In addition to recording a performance as MIDI data, you can also record a soft synth’s audio output to any audio track in real-time. This allows you to treat a soft synth like an external hardware synthesizer.If your project contains any soft synths, each soft synth audio output will be exposed as an audio track input source. If your soft synth has multiple outputs, you can record the audio from each output onto a separate audio track.You can choose to record just the audio output, or record both the MIDI input and audio output simultaneously on separate tracks.
The workflow for recording audio from a soft synth differs slightly depending on the instrument track type your project uses. SONAR supports two different instrument track types:
Simple Instrument Tracks. Simple Instrument Tracks combine a soft synth’s MIDI input and main audio output in a single track strip. You can only record MIDI data onto a Simple Instrument Track. In order to record the soft synth’s audio output, you must record to a separate audio track.
Split Instrument Tracks. With Split Instrument Tracks, you can create a separate audio track for each of the soft synth’s available outputs, plus a single MIDI source track. You can record the soft synth’s audio output directly to the split audio tracks.You specify the desired instrument track type in the Soft Synth Options dialog box when you insert a new soft synth. For details, see Inserting soft synths and Insert Soft Synth Options dialog.Simple Instrument Tracks and Split Instrument Tracks can easily be identified by their different default track icons. Splits instruments also contain a Waveform Preview button , while Simple Instrument Tracks have an Input Echo button .A. Split Instrument Track icon B. Simple Instrument Track icon
Note: It is possible to not create any tracks when you insert a soft synth, in which case the synth is only shown in the Synth Rack view (see Using the Synth Rack). In order to record audio from a soft synth that only appears in the Synth Rack, you must first insert at least one MIDI track and one audio track and assign the MIDI track output and audio track input to the soft synth. For details, see Inserting tracks.You can treat a soft synth like an external hardware synthesizer and record only the synth audio instead of the MIDI performance.
Note: If you do not see the Input control, click the Track Control button at the top of the Track pane and choose All. For more information, see Configuring Track view controls. Also, make sure you have expanded the track fully by dragging it down.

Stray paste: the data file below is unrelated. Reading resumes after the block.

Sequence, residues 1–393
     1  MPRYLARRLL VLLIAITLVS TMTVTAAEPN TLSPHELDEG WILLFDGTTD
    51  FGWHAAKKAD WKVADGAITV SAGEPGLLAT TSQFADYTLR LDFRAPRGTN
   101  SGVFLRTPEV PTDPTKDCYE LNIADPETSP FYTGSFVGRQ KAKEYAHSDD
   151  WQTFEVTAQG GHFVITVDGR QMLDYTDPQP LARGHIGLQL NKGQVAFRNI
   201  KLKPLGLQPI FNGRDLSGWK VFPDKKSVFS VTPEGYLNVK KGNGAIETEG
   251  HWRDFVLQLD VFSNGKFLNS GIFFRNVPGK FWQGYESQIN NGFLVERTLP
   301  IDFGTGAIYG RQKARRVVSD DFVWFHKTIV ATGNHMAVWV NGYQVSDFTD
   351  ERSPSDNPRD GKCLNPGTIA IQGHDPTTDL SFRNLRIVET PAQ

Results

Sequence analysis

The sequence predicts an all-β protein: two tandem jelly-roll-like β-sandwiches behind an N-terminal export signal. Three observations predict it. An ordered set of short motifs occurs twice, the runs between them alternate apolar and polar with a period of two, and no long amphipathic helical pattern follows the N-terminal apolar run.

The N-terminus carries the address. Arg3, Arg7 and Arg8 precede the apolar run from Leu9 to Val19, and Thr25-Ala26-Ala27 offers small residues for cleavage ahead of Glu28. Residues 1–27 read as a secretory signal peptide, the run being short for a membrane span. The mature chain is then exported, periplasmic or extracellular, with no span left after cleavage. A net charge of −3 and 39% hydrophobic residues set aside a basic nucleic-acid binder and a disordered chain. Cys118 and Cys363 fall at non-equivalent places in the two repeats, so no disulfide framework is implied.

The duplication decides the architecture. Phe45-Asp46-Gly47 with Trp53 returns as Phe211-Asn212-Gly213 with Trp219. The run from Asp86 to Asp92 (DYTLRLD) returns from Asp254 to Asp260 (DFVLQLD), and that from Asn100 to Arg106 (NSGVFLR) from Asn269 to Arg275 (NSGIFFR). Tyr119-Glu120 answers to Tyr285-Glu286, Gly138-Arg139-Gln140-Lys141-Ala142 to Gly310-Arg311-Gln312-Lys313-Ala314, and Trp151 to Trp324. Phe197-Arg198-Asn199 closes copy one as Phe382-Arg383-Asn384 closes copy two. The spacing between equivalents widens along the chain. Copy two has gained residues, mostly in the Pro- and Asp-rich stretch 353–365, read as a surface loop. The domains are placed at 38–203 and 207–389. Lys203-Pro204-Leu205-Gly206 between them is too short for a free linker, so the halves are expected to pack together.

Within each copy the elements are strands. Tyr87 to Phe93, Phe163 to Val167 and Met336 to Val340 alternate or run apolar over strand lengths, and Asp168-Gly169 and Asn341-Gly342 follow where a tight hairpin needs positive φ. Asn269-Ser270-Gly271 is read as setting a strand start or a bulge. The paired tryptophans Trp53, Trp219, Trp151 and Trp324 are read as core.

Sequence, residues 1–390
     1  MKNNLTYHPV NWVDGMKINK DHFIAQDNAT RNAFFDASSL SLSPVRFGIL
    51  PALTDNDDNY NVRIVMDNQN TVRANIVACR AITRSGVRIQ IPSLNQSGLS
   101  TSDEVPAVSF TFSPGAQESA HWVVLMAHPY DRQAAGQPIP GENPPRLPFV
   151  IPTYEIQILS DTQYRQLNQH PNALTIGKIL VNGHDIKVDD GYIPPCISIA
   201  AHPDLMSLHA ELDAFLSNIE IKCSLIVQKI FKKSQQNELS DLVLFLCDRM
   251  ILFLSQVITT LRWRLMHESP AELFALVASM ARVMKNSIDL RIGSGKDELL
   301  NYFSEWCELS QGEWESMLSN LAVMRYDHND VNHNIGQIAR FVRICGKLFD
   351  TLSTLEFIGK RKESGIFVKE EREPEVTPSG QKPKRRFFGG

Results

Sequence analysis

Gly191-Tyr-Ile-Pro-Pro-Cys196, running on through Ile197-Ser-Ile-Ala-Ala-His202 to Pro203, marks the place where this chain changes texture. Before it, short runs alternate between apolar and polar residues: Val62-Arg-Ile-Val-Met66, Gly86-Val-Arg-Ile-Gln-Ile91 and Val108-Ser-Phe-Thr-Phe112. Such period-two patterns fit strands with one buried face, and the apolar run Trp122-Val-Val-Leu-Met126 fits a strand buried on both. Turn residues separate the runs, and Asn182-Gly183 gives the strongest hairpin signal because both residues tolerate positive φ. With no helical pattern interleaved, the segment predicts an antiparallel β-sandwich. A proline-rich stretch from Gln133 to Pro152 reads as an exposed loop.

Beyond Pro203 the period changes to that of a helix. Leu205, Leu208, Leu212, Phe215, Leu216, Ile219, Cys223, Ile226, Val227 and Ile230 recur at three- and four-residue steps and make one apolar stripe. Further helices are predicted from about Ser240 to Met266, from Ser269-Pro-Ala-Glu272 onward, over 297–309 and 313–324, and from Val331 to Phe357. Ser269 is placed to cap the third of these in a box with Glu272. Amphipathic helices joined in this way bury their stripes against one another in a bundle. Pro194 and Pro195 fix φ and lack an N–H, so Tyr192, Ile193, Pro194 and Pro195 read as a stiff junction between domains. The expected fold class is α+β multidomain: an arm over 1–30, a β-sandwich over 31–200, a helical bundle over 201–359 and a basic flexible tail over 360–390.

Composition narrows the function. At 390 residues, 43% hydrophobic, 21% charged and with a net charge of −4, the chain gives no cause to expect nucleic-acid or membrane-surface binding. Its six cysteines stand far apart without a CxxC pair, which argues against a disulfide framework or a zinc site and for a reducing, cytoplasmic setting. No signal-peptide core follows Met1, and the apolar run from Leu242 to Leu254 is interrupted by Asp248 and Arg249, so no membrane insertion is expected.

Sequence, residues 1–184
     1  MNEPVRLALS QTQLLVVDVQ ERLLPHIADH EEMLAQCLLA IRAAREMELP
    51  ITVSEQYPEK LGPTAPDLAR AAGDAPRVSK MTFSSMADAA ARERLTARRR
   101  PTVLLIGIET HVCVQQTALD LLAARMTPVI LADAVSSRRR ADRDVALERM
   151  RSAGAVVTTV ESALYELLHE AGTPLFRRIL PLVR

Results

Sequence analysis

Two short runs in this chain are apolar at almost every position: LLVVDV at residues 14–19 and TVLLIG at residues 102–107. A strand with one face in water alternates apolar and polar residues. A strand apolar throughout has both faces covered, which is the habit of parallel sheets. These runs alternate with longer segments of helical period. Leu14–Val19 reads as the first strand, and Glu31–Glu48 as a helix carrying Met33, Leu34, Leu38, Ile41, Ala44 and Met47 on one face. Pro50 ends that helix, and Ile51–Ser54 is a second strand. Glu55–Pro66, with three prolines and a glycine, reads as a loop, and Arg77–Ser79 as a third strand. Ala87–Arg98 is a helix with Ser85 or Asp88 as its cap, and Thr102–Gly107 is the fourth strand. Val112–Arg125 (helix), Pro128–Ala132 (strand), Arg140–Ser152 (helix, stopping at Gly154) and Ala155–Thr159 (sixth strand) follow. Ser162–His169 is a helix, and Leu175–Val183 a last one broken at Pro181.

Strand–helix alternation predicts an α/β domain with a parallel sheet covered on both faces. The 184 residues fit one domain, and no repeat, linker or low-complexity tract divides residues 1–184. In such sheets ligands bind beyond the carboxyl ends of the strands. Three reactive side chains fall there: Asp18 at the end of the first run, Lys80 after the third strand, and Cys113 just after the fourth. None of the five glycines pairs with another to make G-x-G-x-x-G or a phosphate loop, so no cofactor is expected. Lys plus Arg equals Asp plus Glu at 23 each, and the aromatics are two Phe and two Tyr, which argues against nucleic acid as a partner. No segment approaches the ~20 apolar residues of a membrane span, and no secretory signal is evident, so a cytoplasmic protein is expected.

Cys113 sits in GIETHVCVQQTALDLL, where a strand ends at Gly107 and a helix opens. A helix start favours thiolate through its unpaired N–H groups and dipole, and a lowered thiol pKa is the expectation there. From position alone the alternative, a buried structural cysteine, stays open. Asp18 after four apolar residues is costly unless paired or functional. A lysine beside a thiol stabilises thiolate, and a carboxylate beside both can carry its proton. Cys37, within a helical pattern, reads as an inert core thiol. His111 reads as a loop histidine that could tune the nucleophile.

3. If you have recorded both MIDI input and synth audio output on separate tracks, you must mute the recorded MIDI data in order to avoid doubling and phase issues during playback. You can completely mute the synth MIDI track, or mute individual Take Lanes.Make sure the Enable Smart Mute option is disabled in the Synth Rack Synth Settings menu to avoid also muting any related audio tracks (see Smart Mute for Split Instrument Tracks and Muting and soloing soft synth tracks).When a virtual instrument MIDI track is soloed or muted, SONAR automatically manages muting or soloing the related set of audio/MIDI tracks in order to properly playback the soloed/muted tracks.In order to facilitate audio recording on Split Instrument Tracks, Smart Mute is no longer the default behavior for Split Instrument Tracks. By default, you can now individually mute individual split MIDI/audio tracks for soft synths.If you want to enable Smart Mute for Split Instrument Tracks, open the Synth Rack view, click the Synth Settings menu and select Enable Smart Mute on the drop-down menu.Figure 365. Synth Rack view.Unlike recording hardware inputs, where input is always present, audio generated from a soft synth will always be delayed by at minimum one buffer size. This is due to pre-roll buffering. As a result, audio from a soft synth can only be recorded after this buffer has been processed by the synth.During normal recording and punch recording, SONAR compensates for pre-roll buffering and places the recorded audio at the correct position on the timeline to ensure it is in sync with MIDI events. However, if you punch in on-the-fly (enabling Record during playback), you are technically punching in into the future (PunchTime + 1 buffer). This is normally unnoticeable at low latencies.When punch recording, the current Record Mode determines whether you hear recorded audio or live audio while recording. To only hear the live audio while punch recording, use the Overwrite record mode.
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